Inside the Ski Racing Mind: Getting Ready for Your Big Race

The World Junior Championships have just concluded in Switzerland and the World Alpine Skiing Championships are underway in Germany. And then there’s you. You’ve worked hard all winter in pursuit of your goals and, hopefully, you’ve qualified for the races that you set as a goal in the fall: the States, Junior Olympics, Topolino, J2 Nationals, or the U.S. Nationals, and you can see them approaching quickly. You may not be in the “Big Show” yet, but that doesn’t mean that your upcoming big races are any less important.

But getting there isn’t enough; you want to ski your best in the “Big One!” Continuing to improve your technique and sticking with that winter physical conditioning maintenance program will have helped. But whether you succeed or fail to achieve your goals at these all-important races ultimately depends on what happens between your ears as these events near. Approaching these races with the right attitude is your key to skiing your best.

The problem is that important races can play mind games with your head. Instead of just wanting to do your best, you REALLY want to do your best or, even worse, you MUST do your best. Your focus can shift from “What do I have to do to ski well?” to “What kind of result do I want to get?” or “What will happen if I don’t ski well?” What had been goals turn into pressure-laden expectations. What is supposed to be a challenge to enjoy becomes a threat to fear. If you go the “dark side” of big races, you have lost before you even get in the starting gate.

There are two schools of thought on how to prepare for a big race. One approach is to try to ignore the fact that it’s a big race and simply say, “It’s no big deal so there’s nothing to get worked up about.” In big events, such as the World Championships or the Olympics, some athletes will train in isolation, keep away from the media so that they don’t get distracted or buy into the expectations that the outside forces, such as their ski federation or the press, can often impose on them before big events. They want to treat important events like just another race and to ignore the hype surrounding this event.

The risk of this approach is that big races like the World Championships are hard to ignore even if athletes keep isolated. By ignoring the reality of the situation, you are not preparing yourself for the magnitude of the event, even if it is a JO or Nationals, that will inevitably hit you sooner or later. You will have to face the hyped expectations—usually from family, friends, and coaches—at some point, but you won’t be mentally prepared to handle the inescapable pressure that comes with the big race.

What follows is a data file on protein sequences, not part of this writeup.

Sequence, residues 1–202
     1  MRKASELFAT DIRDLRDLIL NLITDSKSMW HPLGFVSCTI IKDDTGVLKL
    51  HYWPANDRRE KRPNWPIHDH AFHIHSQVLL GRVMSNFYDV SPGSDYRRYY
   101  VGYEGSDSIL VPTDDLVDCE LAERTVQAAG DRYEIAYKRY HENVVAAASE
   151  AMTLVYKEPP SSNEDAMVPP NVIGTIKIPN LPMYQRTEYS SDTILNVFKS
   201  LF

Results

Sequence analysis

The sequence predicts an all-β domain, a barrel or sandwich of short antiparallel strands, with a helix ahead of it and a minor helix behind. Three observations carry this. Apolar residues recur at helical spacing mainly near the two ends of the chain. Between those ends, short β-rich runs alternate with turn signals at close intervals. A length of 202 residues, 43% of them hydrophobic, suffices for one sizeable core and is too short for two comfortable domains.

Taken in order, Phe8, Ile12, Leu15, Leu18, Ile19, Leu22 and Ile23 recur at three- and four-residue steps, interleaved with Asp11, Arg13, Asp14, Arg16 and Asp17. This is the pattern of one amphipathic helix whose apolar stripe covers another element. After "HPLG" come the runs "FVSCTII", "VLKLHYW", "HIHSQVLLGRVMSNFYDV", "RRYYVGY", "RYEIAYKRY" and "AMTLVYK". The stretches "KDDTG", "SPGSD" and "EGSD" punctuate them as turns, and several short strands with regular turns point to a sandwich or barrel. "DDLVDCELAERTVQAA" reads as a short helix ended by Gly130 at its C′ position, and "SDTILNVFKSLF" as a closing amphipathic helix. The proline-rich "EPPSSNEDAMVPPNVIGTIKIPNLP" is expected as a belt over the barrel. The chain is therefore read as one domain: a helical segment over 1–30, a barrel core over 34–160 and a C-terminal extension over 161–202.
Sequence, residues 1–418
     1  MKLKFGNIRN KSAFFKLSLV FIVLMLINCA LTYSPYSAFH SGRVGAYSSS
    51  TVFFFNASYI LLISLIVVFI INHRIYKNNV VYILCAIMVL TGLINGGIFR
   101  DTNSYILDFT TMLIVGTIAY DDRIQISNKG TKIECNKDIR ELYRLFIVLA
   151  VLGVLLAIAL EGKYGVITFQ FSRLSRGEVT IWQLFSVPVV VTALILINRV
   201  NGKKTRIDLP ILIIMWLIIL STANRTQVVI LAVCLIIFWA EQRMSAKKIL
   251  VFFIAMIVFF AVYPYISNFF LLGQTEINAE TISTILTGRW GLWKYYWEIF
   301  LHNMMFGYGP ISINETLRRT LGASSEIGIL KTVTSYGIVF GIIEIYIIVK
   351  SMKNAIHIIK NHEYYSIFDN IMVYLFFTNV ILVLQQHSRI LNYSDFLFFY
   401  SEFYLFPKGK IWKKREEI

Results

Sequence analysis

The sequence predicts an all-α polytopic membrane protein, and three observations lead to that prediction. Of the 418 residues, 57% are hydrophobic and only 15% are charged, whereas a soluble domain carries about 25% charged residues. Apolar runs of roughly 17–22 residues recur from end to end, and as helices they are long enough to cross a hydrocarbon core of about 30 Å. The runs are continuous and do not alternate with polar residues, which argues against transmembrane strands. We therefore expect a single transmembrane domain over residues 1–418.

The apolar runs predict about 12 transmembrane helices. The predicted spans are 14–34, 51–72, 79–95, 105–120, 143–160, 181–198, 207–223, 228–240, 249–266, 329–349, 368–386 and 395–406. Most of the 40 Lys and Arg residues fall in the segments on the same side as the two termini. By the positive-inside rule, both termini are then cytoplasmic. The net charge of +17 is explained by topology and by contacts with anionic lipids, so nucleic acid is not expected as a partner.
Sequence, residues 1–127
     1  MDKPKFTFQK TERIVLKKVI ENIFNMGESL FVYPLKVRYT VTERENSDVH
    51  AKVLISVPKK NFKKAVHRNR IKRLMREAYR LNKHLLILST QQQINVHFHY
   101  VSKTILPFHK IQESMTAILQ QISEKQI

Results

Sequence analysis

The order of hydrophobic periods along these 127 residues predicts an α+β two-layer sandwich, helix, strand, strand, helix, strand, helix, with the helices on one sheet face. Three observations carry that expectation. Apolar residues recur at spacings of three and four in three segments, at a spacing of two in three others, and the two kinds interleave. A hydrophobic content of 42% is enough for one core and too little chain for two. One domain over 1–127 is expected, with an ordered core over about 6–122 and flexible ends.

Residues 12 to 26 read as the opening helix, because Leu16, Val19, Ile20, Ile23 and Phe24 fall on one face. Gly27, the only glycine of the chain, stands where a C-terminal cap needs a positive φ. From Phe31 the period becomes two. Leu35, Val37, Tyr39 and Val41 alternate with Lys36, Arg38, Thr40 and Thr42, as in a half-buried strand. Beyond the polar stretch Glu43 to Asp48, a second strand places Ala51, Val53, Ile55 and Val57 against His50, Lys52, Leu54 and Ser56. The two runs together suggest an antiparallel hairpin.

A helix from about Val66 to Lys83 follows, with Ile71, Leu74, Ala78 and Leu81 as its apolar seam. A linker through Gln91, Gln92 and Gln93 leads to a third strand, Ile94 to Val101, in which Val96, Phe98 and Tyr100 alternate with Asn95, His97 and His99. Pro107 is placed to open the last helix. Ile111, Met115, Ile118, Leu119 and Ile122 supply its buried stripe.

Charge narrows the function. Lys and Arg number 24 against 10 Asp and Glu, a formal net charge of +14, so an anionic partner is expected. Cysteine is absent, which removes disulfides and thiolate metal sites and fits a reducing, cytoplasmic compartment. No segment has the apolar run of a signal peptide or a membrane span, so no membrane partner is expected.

The other school of thought argues that big events can’t be avoided, ignored, or downplayed. Rather, athletes must face the reality of these races and do what they can to respond positively to the unavoidable expectations and pressures. The Austrians often assume this approach as, given the popularity of ski racing in their country, there is nowhere for them to hide. This approach has athletes say, “This race is a big deal, so let’s figure out how to deal with it positively.” With this tactic, you must acknowledge that your upcoming race is a huge event and is not to be taken lightly. You must establish an attitude that will enable you to achieve your goals (“I am going to believe in myself, stay grounded, and focus on what I need to do to ski my best.”). This attitude helps you deflect the external and self-imposed pressures and enables you to maintain a positive and healthy perspective and focus as you approach the big races. The risk of this approach is that, despite your best efforts, you won’t be able to deflect the expectations and pressure. Instead of inoculating yourself against the pressure, you actually succumb to it.

With either approach, you need to figure out what you need to do to be totally prepared to ski your best (e.g., on-hill training, physical conditioning, mental preparation, social activities). You also should recognize what and who might interfere with your preparations (e.g., too much time with family and friends). Finally, you must take deliberate steps to ensure that you maintain the attitude and do the things that you have learned will lead you to success.

What we can learn from this is that there is no one ideal approach. You must look at how you have handled big races in the past. If you skied well using one approach, then stick with it (“If it ain’t broke, don’t fix it!”). But if it didn’t work before, don’t expect it to work next time. In this case, you will want to do something different. Regardless of the approach you take, the goal is to enter a big race feeling motivated, confident, relaxed, and focused. If you feel that way, you have a better chance of skiing your best and achieving the goals you have set for yourself.

Follow me on Facebook, Twitter, or YouTube. Watch my 2010 Winter Olympics Discovery Channel interview on fear in high-risk winter sports here.

Dr. Jim Taylor,
knows the psychology of ski racing! He competed internationally for
Burke Mtn. Academy, Middlebury College, and the University of Colorado.
For the past 25 years, Dr. Jim has worked with many of America’s leading
junior race programs as well as World Cup competitors from many
countries. He is the author of
Prime Ski Racing Triumph of the Racer’s Mind. Dr. Jim is also the author of two parenting books and speaks regularly to parents, students, and educators around the U.S..

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